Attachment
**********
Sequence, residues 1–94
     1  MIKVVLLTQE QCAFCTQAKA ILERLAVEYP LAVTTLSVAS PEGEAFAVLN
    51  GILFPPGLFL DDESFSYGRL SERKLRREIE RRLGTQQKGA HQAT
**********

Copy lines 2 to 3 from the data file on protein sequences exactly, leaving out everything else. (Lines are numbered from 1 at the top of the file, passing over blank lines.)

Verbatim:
     1  MIKVVLLTQE QCAFCTQAKA ILERLAVEYP LAVTTLSVAS PEGEAFAVLN
    51  GILFPPGLFL DDESFSYGRL SERKLRREIE RRLGTQQKGA HQAT